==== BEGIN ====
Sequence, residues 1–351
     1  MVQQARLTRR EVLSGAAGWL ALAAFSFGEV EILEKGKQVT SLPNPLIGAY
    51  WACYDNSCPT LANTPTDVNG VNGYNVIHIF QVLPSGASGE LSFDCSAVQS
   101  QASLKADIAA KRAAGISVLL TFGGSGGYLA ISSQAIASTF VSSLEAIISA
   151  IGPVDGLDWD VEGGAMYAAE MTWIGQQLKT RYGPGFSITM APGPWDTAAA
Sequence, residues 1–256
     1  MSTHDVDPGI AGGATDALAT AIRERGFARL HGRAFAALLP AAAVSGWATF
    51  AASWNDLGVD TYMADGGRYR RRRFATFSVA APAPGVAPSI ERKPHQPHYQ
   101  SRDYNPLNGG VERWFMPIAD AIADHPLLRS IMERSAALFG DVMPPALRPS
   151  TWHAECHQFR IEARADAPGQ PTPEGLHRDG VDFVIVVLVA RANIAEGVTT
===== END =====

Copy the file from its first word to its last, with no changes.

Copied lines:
Sequence, residues 1–351
     1  MVQQARLTRR EVLSGAAGWL ALAAFSFGEV EILEKGKQVT SLPNPLIGAY
    51  WACYDNSCPT LANTPTDVNG VNGYNVIHIF QVLPSGASGE LSFDCSAVQS
   101  QASLKADIAA KRAAGISVLL TFGGSGGYLA ISSQAIASTF VSSLEAIISA
   151  IGPVDGLDWD VEGGAMYAAE MTWIGQQLKT RYGPGFSITM APGPWDTAAA
Sequence, residues 1–256
     1  MSTHDVDPGI AGGATDALAT AIRERGFARL HGRAFAALLP AAAVSGWATF
    51  AASWNDLGVD TYMADGGRYR RRRFATFSVA APAPGVAPSI ERKPHQPHYQ
   101  SRDYNPLNGG VERWFMPIAD AIADHPLLRS IMERSAALFG DVMPPALRPS
   151  TWHAECHQFR IEARADAPGQ PTPEGLHRDG VDFVIVVLVA RANIAEGVTT